Omer Dizdar, Mutlu Hayran, Deniz Can Guven, Birtan Tolga Yılmaz, Sahand Taheri, Abdullah C Akman, Emre Bilgin, Beril Hüseyin, Ezel Berker
Current Medical Research and Opinion/2017
Previous studies have noted a possible association between periodontal diseases and the risk of various cancers. We assessed cancer risk in a cohort of patients with moderate to severe periodontitis.
Patients diagnosed with moderate to severe periodontitis by a periodontist between 2001 and 2010 were identified from the hospital registry. Patients younger than 35 years of age or with a prior cancer diagnosis were excluded. The age- and gender-standardized incidence rates (SIR) were calculated by dividing the number of observed cases by the number of expected cases from Turkish National Cancer Registry 2013 data.
A total of 280 patients were included (median age 49.6, 54% female). Median follow-up was 12 years. Twenty-five new cancer cases were observed. Patients with periodontitis had 77% increased risk of cancer (SIR 1.77, 95% CI 1.17–2.58, p = .004). Women with periodontitis had significantly higher risk of breast cancer (SIR 2.40, 95% CI 0.88–5.33) and men with periodontitis had significantly higher risk of prostate cancer (SIR 3.75, 95% CI 0.95–10.21) and hematological cancers (SIR 6.97, 95% CI 1.77–18.98).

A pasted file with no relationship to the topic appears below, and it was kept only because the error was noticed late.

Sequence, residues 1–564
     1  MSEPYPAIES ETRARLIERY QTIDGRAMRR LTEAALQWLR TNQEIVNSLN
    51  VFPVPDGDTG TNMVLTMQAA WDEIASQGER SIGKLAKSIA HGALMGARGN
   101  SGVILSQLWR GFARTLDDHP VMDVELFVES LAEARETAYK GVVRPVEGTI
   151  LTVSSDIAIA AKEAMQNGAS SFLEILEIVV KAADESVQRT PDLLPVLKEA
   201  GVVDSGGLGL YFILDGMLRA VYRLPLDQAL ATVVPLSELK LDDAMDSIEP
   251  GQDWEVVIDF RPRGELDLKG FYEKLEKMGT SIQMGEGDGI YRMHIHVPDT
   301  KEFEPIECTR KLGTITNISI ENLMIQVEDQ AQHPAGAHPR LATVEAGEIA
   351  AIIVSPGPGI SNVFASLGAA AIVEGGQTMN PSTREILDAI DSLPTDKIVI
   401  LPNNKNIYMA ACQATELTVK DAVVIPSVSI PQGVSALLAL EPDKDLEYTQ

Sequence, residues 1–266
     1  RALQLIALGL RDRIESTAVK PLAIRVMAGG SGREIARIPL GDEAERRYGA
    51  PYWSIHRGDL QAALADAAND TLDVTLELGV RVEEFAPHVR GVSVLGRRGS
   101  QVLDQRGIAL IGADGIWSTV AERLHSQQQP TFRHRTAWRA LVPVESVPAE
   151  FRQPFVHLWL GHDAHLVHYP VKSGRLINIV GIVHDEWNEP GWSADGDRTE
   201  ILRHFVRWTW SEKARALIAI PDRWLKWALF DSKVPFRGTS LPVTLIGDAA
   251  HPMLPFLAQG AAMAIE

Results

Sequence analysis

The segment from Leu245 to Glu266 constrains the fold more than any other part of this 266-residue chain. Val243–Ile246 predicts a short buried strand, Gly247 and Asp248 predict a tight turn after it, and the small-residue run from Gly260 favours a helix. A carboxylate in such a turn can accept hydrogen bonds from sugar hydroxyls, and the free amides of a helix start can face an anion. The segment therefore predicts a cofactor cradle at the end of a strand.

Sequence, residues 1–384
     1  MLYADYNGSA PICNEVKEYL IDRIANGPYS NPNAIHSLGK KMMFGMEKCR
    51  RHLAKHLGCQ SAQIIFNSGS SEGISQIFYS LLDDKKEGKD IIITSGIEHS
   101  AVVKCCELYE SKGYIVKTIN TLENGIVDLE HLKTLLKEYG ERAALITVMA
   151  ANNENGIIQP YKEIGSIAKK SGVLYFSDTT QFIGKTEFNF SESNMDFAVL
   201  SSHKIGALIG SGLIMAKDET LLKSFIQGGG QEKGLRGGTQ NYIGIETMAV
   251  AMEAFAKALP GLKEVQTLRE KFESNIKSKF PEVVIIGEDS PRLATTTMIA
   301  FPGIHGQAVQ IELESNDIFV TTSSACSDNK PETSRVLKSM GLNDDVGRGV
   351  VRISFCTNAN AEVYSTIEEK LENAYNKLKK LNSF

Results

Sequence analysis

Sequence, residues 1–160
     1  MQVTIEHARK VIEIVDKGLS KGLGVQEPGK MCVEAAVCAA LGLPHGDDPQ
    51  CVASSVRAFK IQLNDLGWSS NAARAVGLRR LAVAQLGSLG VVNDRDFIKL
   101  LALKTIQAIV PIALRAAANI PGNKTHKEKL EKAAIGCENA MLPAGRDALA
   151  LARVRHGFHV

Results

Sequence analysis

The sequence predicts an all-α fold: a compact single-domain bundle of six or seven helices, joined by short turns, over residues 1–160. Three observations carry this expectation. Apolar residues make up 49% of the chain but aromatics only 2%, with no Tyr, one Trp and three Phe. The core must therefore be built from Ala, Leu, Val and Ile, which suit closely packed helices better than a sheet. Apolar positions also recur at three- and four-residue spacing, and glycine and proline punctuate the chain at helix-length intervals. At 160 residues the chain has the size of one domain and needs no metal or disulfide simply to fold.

Although showing a causal association necessitates further investigation, our results support the idea that periodontitis might be associated with increased cancer risk, particularly with hematological, breast and prostate cancers.